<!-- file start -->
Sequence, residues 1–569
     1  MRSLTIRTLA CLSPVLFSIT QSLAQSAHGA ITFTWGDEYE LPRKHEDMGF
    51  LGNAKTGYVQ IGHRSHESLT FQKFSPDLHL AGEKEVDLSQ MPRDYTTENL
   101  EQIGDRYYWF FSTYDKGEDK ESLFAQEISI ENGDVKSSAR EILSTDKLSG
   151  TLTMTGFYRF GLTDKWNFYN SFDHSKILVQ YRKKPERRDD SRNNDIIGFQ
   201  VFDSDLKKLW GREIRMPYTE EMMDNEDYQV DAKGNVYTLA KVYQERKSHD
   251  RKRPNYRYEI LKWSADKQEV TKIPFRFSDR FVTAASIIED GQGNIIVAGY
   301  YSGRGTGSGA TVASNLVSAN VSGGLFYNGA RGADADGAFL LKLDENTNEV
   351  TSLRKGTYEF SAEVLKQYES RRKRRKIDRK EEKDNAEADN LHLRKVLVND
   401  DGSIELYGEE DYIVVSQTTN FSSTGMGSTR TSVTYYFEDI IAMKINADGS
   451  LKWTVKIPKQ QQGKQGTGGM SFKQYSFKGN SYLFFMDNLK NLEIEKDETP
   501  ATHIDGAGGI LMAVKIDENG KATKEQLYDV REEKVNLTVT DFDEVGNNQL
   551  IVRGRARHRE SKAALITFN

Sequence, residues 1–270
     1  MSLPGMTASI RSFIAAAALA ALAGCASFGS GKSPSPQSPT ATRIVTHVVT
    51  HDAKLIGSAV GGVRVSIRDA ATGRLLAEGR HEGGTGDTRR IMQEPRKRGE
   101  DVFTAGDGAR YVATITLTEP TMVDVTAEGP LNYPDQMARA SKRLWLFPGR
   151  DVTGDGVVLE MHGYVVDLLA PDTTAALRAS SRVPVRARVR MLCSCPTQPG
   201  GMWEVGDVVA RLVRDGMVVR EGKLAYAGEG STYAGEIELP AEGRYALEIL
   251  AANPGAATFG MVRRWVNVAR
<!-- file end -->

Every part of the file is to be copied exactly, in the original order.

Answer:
Sequence, residues 1–569
     1  MRSLTIRTLA CLSPVLFSIT QSLAQSAHGA ITFTWGDEYE LPRKHEDMGF
    51  LGNAKTGYVQ IGHRSHESLT FQKFSPDLHL AGEKEVDLSQ MPRDYTTENL
   101  EQIGDRYYWF FSTYDKGEDK ESLFAQEISI ENGDVKSSAR EILSTDKLSG
   151  TLTMTGFYRF GLTDKWNFYN SFDHSKILVQ YRKKPERRDD SRNNDIIGFQ
   201  VFDSDLKKLW GREIRMPYTE EMMDNEDYQV DAKGNVYTLA KVYQERKSHD
   251  RKRPNYRYEI LKWSADKQEV TKIPFRFSDR FVTAASIIED GQGNIIVAGY
   301  YSGRGTGSGA TVASNLVSAN VSGGLFYNGA RGADADGAFL LKLDENTNEV
   351  TSLRKGTYEF SAEVLKQYES RRKRRKIDRK EEKDNAEADN LHLRKVLVND
   401  DGSIELYGEE DYIVVSQTTN FSSTGMGSTR TSVTYYFEDI IAMKINADGS
   451  LKWTVKIPKQ QQGKQGTGGM SFKQYSFKGN SYLFFMDNLK NLEIEKDETP
   501  ATHIDGAGGI LMAVKIDENG KATKEQLYDV REEKVNLTVT DFDEVGNNQL
   551  IVRGRARHRE SKAALITFN

Sequence, residues 1–270
     1  MSLPGMTASI RSFIAAAALA ALAGCASFGS GKSPSPQSPT ATRIVTHVVT
    51  HDAKLIGSAV GGVRVSIRDA ATGRLLAEGR HEGGTGDTRR IMQEPRKRGE
   101  DVFTAGDGAR YVATITLTEP TMVDVTAEGP LNYPDQMARA SKRLWLFPGR
   151  DVTGDGVVLE MHGYVVDLLA PDTTAALRAS SRVPVRARVR MLCSCPTQPG
   201  GMWEVGDVVA RLVRDGMVVR EGKLAYAGEG STYAGEIELP AEGRYALEIL
   251  AANPGAATFG MVRRWVNVAR